Last month we caught a snippet of Donatella Versace’s feature with Interview Magazine, in regards to deceased rapper Notorious B.I.G. We now present the full interview, conducted by female emcee Nicki Minaj. Speaking on a variety of topics, the Vice President of the Versace Group transitions from small talk to Minaj’s music to Versace’s feelings towards the legendary Prince. The conversation then shifts to the luxury brand’s forthcoming Spring 2012 collection, which bears an “under the sea” theme. Excerpt from the interview are offered below:
How are you?
Very good. How do you feel today? Your eye is better?
I’m feeling better. I had a little health scare yesterday with my eye. But I drugged myself up and got really drunk and passed out, and now I’m feeling better.
Sometimes that’s the only therapy that works anyway. I can’t wait for the show. It will be amazing.
I know. Everyone is talking about it.
I love “Super Bass.” But the song I’d really love to hear you sing is “I’m the Best.”
You like that song?
Love that song. Love it.
I wanted to talk a bit about the recent collections. We’re really seeing the influence of Versace a lot right now in fashion. I think a lot of critics were excited to see the return of some of the iconic house codes in your Fall 2011 collection—the studding, cut-outs, micro-shorts, Miami art deco colors, and Medusa heads, and stuff like that. Was there a specific reason why you chose to return to the history of Versace for that collection?
The reason I did it is that I feel like so many young people today don’t know Versace’s past and what it stands for, so I wanted to make an homage to that history in the collection. Of course, you can never put out the same thing exactly as it was because we live in different times, but I wanted to show with that collection where Versace comes from. I felt the Medusa is an iconic sign because people in the past were afraid of the Medusa. In mythology, the Medusa can petrify people with a look—which is a good thing, I think. [laughs] But the Medusa is a unique symbol—something strong. It’s about going all the way. That’s why I do things like the H&M collaboration, because I want to reach a bigger audience of young people. These are the people I look to for inspiration, so I wanted to make it affordable for them to buy a piece in the Versace style. Versace was—and still is—about the sophisticated woman who is elegant, not afraid of her own sensuality, and not afraid to dare or take risks in life. I think women are much stronger than men in society now. We take more risks than they do in general . . . I mean, there she is: Nicki Minaj.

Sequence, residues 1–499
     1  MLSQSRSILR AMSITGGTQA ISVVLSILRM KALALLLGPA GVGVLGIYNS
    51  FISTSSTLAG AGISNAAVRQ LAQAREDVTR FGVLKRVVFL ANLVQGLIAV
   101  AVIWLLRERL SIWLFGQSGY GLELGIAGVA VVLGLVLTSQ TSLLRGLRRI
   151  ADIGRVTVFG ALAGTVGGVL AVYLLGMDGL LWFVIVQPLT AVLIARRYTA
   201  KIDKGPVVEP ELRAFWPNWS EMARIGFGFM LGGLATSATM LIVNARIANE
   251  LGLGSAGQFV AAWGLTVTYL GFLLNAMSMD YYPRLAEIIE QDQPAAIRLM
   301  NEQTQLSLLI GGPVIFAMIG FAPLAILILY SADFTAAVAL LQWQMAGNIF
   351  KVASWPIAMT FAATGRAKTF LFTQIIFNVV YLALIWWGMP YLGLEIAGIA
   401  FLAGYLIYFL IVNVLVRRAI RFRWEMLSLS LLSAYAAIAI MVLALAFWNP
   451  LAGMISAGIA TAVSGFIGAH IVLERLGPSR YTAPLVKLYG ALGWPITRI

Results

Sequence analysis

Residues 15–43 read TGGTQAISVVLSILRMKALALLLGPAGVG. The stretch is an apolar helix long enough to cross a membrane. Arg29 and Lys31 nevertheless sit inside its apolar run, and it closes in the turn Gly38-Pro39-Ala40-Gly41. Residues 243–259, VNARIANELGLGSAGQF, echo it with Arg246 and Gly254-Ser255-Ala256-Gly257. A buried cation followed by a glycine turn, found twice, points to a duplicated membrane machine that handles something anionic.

Where do you find your inspiration? Would you say you’ve had a muse at any point?
Well, my muse changes all the time because I think every designer is a bit of a muse for themselves in a way—they just don’t want to say it. But I also think Madonna was an influence in the ’90s. I love her. I think she’s the most amazing, talented woman around . . . She’s an incredibly well-styled woman. Prince, obviously, is someone I’ve been close to also. I think Lady Gaga today is very inspiring. But as a designer, you always take facets of different people and you mix them together with your own thoughts and information and creativity and passion—because I think fashion has a lot to do with passion—and that’s where you get your inspiration.
I wanted to talk to you a little bit about growing up with Gianni. You’re from the southern part of Italy, right?
I grew up in the south of Italy, next to the sea, which was a great place to grow up. The type of life we lived there was very relaxing, you know? Just very fun, open-minded people . . . It was all very sociable and low-key. I was the youngest one in the family, so it was nice for my brother and I. But fashion was always in the air. My mother worked as a seamstress, and Gianni was always looking at the dresses she would make for clients.
So how old were you when you started to get into what Gianni was doing?
Well, I studied at a university in Florence and finished my degree. My mother was very strict about this recipe: You need to get your degree. So this was in the ’80s, and around that time, Gianni had gotten his first job in fashion for another company, so on the weekends I used to go see him because we were a one-hour train ride away from each other. When I’d see him, he was always working, and he would ask me what I thought about his work, like, “What do you think?” So he got me into this, really, because I’d studied something different at university. It was really the way our family was, because Gianni really trusted women’s opinions, and he felt it was his sister who was able to tell him the truth. So this is how it started.
To read the entire piece between Minaj and the chief designer, head on over to Interview Magazine.